Learner Autonomy through Role Plays in English Language Teaching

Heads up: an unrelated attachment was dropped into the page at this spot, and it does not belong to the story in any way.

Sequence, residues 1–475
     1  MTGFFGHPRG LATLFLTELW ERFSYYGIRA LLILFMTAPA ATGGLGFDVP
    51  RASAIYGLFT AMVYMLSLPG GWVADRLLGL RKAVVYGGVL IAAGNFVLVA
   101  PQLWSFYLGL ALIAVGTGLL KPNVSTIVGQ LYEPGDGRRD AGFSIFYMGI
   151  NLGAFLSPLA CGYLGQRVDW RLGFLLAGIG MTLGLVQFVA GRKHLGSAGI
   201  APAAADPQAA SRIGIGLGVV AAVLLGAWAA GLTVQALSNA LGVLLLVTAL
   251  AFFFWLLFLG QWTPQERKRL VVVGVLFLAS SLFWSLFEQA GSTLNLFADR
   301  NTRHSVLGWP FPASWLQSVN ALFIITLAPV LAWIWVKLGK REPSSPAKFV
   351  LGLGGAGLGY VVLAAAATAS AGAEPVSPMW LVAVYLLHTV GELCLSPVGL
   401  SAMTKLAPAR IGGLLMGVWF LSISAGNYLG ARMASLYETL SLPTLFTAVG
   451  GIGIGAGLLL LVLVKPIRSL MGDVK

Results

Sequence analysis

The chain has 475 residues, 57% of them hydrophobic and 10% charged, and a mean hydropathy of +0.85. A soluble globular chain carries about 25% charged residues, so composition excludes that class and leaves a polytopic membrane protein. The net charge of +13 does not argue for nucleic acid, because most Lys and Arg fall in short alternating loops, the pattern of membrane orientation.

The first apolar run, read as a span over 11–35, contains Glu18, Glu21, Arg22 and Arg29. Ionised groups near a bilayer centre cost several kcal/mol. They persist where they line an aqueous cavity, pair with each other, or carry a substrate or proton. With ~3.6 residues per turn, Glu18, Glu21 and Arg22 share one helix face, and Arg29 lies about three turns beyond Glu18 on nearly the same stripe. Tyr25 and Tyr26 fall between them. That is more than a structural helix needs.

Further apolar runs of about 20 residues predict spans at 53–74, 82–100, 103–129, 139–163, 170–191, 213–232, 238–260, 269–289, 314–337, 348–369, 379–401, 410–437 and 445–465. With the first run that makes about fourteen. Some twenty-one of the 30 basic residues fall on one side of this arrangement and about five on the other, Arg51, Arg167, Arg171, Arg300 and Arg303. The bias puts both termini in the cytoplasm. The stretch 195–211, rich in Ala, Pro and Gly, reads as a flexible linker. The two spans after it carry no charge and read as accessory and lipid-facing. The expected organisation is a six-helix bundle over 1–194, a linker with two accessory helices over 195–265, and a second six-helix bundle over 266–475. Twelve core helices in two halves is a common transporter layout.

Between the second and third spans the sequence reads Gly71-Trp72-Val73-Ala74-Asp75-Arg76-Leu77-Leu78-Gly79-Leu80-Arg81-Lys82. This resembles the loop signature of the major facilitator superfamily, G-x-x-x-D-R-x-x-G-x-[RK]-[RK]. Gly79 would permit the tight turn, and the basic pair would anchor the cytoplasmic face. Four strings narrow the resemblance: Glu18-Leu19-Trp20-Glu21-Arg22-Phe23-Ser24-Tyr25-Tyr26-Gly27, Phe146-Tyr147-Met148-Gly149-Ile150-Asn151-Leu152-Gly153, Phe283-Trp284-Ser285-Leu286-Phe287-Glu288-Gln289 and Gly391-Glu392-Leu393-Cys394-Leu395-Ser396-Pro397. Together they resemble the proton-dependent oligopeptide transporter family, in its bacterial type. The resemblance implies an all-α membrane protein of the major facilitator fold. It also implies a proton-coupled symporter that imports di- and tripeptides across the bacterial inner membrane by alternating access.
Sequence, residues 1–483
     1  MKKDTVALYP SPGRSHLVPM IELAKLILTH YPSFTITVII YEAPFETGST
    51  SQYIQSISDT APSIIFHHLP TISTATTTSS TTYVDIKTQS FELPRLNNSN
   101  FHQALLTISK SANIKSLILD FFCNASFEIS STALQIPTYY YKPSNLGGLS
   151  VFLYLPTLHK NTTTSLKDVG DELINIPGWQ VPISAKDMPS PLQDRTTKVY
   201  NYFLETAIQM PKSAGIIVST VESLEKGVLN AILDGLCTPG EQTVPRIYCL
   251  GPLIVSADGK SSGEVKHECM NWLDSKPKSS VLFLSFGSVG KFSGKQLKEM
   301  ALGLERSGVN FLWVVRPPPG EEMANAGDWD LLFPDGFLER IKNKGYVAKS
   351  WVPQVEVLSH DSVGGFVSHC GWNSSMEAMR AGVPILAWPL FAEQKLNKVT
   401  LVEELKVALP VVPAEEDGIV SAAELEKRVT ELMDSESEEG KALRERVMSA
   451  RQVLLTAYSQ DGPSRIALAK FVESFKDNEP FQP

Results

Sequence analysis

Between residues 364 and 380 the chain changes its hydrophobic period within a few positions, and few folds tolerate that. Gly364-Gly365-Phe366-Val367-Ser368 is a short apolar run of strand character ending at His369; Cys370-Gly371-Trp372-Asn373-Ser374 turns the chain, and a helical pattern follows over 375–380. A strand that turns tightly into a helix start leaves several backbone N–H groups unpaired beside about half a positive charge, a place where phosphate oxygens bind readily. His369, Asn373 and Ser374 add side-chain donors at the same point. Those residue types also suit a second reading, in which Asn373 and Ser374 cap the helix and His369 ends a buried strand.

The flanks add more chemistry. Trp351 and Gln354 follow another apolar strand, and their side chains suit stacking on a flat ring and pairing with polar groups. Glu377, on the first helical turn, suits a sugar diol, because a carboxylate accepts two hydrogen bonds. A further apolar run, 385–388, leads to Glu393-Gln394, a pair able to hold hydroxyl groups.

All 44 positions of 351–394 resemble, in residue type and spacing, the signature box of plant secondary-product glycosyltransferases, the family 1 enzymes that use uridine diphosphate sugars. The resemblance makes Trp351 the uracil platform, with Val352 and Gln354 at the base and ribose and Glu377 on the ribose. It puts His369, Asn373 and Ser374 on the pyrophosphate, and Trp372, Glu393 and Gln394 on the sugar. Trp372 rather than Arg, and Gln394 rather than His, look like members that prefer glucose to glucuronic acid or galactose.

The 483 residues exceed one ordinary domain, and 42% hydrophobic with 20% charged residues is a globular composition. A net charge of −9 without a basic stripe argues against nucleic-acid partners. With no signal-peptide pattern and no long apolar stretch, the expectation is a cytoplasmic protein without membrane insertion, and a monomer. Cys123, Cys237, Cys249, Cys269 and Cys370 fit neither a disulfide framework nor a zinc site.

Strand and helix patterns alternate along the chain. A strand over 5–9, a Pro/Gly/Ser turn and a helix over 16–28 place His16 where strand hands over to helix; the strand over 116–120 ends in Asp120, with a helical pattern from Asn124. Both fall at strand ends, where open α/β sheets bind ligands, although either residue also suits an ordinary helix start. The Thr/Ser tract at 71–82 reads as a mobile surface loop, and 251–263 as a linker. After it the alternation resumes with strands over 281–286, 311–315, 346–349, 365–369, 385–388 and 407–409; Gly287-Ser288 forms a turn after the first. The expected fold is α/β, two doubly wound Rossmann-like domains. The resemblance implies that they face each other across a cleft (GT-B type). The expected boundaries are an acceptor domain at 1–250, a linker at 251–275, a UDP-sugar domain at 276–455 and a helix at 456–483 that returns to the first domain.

Nowadays, learner autonomy is considered to be a multidimensional and diversified concept. A number of scientists have found support for the importance of learner autonomy but there is little empirical research on using different strategies for promoting and evaluating students’ autonomy. Accordingly, in order to become better language learners, students should plan, implement, and evaluate their own learning. This study aims at fostering and evaluating students’ autonomy by scaffolding their speaking practices through role plays in an English for Special Purposes (ESP) course. The research suggests that role-play strategies should help students develop their autonomy in acquiring ESP speaking skills. The study argues that developing autonomy is an efficient way to improve students’ performance in ESP speaking skills as it provides them with relevant scaffolding. This article provides theoretical grounding for autonomy. The entry-level and post-study speaking scores (IELTS test) are compared across experimental and control groups. A class-based training course of ESP speaking was offered in an institutional setting to 38 (15 male, 23 female) second-year students at a national research university in Russia. A special questionnaire was developed to assess learner autonomy in ESP speaking, which proved that role play promoted learner autonomy and encouraged students to master ESP speaking skills. The results of the study indicate that students who were developing their speaking skills via role play performed significantly better than their peers in the control group. The level of their English language competence improved. The role plays in the ESP speaking course proved to be a viable and productive teaching strategy for fostering autonomy among students.
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